Herb stems get the short shrift when it comes to their use and get thrown out most of the time.
Parley stems (to the left) and Cilantro stems (below) almost always get thrown out. These have a ton of flavour. Wash them and chop them fine and throw them in wherever you use their leaves as well. In fact, they don’t lose their aroma and flavour as fast as the leaves, So use them early in the cooking and supplement them to wards the end of the cooking process with their respective leaves.
Chopped Parsley stems work great in soups and stews. I have also puréed them and added them with leaves to make Pommes persillade, which is Pan roasted potatoes with Parsley and Garlic, a classic French Potato preparation. Puréed Parsley stems work great when you want to cut the basil in making a pesto with Parsley; just use a mixture of leaves and stems puréed to add to the Basil in making the Pesto.
Chopped Cilantro stems are a godsend when you are making a curry. I add them early in the cooking process and use them also very heavily when making a curry base. One of the most common bases for Suuth Indian style Green Curry is puréed Cilantro, Garlic, Green Chillies. I add the stem in there on a routine basis.
Basil stems, use them in Flavoured oil. Blanche them for twenty seconds in boiling water and immediately plunge them in ice water to stop the cooking. This is just to sterilize the outside of the stems. Dry them completely with paper towels and then put them in a air tight glass bottle with some warm extra virgin Olive oil. Steep them for a ten days to fourteen days and then discard them or purée the oil soaked basil stems and add them to Pesto.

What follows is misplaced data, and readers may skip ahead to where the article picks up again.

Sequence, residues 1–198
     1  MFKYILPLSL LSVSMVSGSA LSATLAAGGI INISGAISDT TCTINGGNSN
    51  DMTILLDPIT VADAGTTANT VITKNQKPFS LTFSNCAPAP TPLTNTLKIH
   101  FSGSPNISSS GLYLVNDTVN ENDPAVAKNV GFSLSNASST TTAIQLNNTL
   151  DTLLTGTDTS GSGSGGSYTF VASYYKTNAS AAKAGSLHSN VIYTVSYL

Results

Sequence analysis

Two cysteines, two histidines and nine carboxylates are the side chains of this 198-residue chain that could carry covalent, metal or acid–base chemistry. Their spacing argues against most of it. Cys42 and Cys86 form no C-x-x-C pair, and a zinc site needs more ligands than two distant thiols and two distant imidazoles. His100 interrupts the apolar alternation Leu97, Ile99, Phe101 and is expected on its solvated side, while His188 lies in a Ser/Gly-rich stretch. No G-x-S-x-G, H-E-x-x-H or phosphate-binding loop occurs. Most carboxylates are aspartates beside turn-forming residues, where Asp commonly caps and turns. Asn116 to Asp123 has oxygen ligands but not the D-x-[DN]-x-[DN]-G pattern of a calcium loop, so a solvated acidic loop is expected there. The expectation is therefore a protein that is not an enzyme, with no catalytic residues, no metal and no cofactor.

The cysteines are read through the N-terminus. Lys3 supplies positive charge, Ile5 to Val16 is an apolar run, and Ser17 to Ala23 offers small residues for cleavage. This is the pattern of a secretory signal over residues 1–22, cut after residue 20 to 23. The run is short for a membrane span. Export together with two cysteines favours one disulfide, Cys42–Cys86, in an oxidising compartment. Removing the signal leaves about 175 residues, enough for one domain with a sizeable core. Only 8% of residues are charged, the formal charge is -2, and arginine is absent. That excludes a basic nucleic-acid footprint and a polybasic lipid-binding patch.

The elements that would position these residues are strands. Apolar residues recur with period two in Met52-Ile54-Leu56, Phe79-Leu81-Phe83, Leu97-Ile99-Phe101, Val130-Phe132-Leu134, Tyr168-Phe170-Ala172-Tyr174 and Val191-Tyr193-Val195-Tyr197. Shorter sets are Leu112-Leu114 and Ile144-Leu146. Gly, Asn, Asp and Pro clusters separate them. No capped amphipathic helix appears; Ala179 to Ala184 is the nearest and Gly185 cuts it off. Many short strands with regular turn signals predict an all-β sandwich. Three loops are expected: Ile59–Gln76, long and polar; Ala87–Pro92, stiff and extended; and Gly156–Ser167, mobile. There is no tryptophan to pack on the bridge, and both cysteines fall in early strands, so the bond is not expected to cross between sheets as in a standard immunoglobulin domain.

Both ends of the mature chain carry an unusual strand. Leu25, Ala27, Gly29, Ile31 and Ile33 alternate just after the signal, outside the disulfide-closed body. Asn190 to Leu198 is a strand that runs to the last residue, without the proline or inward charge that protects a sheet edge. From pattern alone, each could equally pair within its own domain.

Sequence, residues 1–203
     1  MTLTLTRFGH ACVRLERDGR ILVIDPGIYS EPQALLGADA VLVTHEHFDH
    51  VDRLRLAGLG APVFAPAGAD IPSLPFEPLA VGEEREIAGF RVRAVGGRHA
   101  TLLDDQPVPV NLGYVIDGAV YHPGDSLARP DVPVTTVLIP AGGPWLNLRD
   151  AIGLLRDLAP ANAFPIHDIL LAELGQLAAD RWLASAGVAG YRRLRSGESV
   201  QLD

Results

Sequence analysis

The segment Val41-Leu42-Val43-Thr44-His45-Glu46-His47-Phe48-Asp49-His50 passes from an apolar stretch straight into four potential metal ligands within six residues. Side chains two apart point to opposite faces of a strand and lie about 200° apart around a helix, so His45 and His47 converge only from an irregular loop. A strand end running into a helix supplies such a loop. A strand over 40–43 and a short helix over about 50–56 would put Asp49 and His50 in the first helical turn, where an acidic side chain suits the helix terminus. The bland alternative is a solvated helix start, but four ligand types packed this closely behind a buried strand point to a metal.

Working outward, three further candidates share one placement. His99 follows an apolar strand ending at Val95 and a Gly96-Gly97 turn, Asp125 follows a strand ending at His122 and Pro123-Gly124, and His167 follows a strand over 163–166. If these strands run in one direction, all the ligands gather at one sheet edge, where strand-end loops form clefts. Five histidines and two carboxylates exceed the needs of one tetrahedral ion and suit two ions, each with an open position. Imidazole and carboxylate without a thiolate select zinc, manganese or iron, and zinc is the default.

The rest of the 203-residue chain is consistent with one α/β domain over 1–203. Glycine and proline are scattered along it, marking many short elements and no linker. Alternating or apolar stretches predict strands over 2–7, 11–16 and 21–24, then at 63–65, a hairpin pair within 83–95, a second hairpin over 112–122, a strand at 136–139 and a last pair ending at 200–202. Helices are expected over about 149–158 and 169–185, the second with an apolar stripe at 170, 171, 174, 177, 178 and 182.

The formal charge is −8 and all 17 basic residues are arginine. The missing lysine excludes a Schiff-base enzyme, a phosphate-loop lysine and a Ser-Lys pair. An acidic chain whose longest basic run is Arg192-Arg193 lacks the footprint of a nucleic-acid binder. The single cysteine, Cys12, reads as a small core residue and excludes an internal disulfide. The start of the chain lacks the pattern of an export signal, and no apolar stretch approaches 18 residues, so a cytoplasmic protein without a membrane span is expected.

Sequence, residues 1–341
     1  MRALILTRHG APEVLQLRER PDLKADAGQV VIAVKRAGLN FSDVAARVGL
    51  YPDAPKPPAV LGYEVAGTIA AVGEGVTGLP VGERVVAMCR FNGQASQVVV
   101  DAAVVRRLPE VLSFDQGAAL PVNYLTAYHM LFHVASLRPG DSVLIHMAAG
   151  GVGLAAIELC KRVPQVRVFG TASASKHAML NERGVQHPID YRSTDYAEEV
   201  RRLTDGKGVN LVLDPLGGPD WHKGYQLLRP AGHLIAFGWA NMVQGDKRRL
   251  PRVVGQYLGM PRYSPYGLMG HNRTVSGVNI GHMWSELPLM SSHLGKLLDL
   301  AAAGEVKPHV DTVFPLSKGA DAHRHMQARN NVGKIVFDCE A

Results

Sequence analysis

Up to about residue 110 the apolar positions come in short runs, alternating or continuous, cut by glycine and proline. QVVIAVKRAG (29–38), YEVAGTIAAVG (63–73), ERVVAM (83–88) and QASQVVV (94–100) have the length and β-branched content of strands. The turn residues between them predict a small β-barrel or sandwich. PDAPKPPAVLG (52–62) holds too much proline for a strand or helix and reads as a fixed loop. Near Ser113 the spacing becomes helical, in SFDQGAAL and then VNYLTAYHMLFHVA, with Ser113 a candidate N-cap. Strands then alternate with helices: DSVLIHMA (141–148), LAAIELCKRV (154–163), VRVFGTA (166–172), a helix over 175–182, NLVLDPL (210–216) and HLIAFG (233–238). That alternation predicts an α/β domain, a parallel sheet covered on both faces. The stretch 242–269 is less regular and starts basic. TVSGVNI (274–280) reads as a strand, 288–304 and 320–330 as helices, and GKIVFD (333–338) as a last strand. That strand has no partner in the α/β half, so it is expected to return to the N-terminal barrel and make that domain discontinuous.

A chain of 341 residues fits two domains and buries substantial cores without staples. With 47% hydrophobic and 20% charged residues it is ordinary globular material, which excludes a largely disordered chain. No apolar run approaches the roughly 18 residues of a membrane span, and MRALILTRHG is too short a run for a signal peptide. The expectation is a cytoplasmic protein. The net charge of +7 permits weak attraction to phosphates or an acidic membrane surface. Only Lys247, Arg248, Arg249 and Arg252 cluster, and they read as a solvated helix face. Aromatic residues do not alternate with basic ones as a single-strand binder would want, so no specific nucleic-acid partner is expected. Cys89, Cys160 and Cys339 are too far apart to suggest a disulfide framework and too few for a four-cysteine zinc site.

The woodier stems of Rosemary and thyme have less wide ranging uses. However, they can be added to stews for flavouring. Rosemary needs care since it has piney undertones. However, thyme stems are fine when used in stews. More often than not, I just tie thyme into a bundle with Kitchen twine and use it stems and all and then get them out after the cooking is done.
So don’t think of them as waste but there are plenty of usefulness in the parts of herbs we are conditioned to throw away. Try using them and you will be surprised.
Most of us use vegetables in the kitchen. We have our habits of processing the vegetables, keeping some parts and tossing out others. This post is about two different things; one is that by throwing out some parts we may be losing out on the flavours contained there in, and the other is that it extends the use of the ingredient and actually contributes to frugality. It is the case of use as much of the ingredient as possible, along the lines of eat all parts of the butchered animal ethos. So I am also going to include these posts under the “Frugal Eating” Category.
One classic example is Broccoli. We cut the florets to steam and all of the stalks get tossed away as debris. At best, they are thrown on the compost heap. The same thing happens with Cauliflower stalks.
This practice is even more prevalent when we look at Herbs. Parsley is a classic example; we use the leaves and the entire pile of stems hits the garbage. The same happens to Cilantro and to Basil.
I will treat each of these ingredients and give them their due in separate posts.
I know I have been remiss the last 3 or so weeks. I got caught up doing a bunch of other things and have not posted anything. I will change it.
There a few things on my mind regarding cooking and they will hit the blog soon. So hang in there.